Although there’s a lot of chatter about an “eviction tsunami” or “eviction apocalypse” whenever the federal moratorium ends, the data does not support that fear. Here’s a deeper dive.

It’s become a bit of a routine now that the federal evictions moratorium will near its expiration and then be renewed at the last minute. This time, the renewal was done after it expired when the Centers for Disease Control and Prevention (CDC) stepped in to ban most evictions until Oct. 3.

Putting aside questions regarding the legality of this order, its justification is built on a false premise — namely, that there is a looming mass of evictions that will put millions out on the streets and sink the U.S. economy back into a deep recession.

Questionable surveys

It should first be noted that the warnings about an “eviction tsunami” or “apocalypse” have been going on since the beginning of the pandemic. On June 10 of 2020, CNBC ran the headline, “A housing ‘apocalypse’ is coming as coronavirus protections across the country expire”.

Then, a year later, on June 11, 2021 it ran, “A massive wave of evictions could be coming. Who’s at risk?” And there were many, many more headlines just like those.

Of course, it’s true that during much of that time, there has been a federal evictions moratorium, and there were several state moratoriums too, but not for all of the pandemic. Furthermore, the federal moratorium has not been a complete moratorium.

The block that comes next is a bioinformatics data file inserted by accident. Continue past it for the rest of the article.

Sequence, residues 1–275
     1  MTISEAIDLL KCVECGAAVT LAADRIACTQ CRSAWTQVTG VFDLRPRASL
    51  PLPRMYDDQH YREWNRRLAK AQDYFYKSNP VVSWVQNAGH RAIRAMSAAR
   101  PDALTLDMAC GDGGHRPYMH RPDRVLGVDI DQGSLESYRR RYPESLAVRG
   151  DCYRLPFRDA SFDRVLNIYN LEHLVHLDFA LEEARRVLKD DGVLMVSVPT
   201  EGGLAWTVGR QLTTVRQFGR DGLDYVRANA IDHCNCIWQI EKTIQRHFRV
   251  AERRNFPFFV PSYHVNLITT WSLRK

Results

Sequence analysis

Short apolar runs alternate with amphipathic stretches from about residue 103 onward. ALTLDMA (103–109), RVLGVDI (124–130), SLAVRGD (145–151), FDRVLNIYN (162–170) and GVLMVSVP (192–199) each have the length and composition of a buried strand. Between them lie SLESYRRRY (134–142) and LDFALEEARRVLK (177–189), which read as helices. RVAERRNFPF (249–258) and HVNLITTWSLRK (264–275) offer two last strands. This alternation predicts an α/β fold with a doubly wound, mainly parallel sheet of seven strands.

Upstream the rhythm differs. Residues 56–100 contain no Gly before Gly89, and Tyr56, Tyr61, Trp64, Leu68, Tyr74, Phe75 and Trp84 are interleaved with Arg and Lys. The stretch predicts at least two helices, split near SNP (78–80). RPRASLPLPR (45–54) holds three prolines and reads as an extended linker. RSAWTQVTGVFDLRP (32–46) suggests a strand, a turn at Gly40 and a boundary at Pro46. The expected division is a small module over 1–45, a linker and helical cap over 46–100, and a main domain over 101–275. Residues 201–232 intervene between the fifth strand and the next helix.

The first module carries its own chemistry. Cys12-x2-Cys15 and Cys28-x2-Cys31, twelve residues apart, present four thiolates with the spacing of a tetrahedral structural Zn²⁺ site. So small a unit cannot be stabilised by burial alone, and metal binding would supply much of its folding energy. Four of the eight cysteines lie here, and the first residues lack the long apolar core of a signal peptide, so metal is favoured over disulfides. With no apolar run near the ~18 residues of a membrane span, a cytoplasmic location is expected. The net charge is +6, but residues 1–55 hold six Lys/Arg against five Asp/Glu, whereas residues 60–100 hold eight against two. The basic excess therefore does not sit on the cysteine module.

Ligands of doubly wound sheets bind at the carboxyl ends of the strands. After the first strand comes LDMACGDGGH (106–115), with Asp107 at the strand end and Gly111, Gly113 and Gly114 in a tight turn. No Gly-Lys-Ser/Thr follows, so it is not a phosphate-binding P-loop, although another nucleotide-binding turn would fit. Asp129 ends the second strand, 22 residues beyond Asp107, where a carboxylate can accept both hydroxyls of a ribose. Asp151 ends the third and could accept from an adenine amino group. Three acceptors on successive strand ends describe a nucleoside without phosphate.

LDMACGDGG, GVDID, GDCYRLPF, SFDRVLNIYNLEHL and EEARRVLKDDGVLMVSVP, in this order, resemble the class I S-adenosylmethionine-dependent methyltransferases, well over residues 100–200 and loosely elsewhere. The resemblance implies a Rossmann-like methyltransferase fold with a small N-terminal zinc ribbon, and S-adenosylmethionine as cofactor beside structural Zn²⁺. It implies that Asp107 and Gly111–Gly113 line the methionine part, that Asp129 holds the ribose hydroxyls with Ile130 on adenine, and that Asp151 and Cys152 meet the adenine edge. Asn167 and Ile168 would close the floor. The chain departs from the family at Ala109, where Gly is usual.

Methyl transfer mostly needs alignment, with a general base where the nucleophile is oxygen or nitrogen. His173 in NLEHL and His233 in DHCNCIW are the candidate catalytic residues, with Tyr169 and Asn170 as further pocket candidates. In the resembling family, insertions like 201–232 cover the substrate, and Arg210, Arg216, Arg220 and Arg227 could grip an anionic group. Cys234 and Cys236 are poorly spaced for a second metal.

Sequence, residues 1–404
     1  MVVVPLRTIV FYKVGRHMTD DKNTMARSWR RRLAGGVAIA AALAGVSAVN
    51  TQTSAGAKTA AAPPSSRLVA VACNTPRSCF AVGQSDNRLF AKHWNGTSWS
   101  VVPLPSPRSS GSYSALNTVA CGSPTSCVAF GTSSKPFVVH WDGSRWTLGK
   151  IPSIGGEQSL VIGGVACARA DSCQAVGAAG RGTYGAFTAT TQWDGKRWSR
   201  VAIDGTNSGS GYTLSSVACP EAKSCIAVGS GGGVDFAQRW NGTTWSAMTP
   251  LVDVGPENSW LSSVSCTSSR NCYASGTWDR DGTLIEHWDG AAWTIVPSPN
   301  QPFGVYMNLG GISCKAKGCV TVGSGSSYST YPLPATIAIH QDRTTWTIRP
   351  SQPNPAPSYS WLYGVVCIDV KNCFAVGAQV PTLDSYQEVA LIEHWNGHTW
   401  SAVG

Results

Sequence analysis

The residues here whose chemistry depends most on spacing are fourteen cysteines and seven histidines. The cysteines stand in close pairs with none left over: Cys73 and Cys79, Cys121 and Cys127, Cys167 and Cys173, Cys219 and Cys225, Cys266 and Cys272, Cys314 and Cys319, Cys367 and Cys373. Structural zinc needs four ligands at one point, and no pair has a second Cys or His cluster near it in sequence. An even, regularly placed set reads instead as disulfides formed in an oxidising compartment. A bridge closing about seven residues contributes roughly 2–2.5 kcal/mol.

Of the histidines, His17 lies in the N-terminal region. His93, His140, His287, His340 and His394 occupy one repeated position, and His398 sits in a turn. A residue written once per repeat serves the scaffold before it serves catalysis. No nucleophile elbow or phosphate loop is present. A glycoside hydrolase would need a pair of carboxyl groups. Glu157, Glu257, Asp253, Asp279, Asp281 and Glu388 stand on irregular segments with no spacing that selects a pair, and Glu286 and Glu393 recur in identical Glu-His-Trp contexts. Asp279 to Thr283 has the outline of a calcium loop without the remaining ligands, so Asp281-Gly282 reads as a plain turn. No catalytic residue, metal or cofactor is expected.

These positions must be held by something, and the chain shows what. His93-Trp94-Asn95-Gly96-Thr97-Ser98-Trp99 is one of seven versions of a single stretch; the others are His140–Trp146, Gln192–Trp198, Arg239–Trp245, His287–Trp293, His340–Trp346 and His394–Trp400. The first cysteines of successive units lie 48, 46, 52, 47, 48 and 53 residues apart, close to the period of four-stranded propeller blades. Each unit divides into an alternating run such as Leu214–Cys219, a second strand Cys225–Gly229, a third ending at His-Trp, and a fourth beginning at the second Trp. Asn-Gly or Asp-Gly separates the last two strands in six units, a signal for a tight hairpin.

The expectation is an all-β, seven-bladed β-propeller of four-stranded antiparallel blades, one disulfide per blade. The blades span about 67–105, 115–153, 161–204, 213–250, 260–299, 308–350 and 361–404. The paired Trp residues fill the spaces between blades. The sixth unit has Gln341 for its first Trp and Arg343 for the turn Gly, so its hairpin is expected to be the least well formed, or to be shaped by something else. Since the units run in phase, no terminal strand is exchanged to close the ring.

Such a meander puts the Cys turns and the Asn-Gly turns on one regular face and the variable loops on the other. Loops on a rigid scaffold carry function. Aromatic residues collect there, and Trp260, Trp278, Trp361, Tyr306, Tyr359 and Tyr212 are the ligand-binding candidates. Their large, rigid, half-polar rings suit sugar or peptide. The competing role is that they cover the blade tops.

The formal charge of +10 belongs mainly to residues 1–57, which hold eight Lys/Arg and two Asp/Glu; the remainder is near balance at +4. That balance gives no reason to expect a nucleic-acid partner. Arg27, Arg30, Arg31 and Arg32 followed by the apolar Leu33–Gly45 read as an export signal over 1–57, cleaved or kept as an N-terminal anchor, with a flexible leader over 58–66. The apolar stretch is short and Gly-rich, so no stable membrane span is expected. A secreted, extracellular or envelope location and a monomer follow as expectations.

For example, it only applied to those making under $99,000 a year ($198,000 jointly), and tenants must “have used their best efforts to obtain government assistance for housing,” among other qualifications. There have still been some evictions during the moratorium.

The fact this looming “eviction crisis” seems to go on forever despite the unemployment rate being back below 6 percent hints that the scale of this issue is overstated.

But the real problem with the evidence for an “eviction crisis” comes with the wording of the surveys used. For example, in June of 2020, the Aspen Institute said that “between 19 million and 23 million are at risk of eviction.” And this July, the Aspen Institute wrote, “15 Million People at Risk of Eviction.”

The big question, of course, is what exactly does being “at risk” of eviction mean? Evictions filings have most certainly not been made on that many people.

Unfortunately, something like half of Americans live “paycheck to paycheck,” and anyone in such a fragile financial position could be thought of as “at risk” of eviction. Wordings such as “at risk of” or “facing” eviction are very slippery and likely to overstate the problem.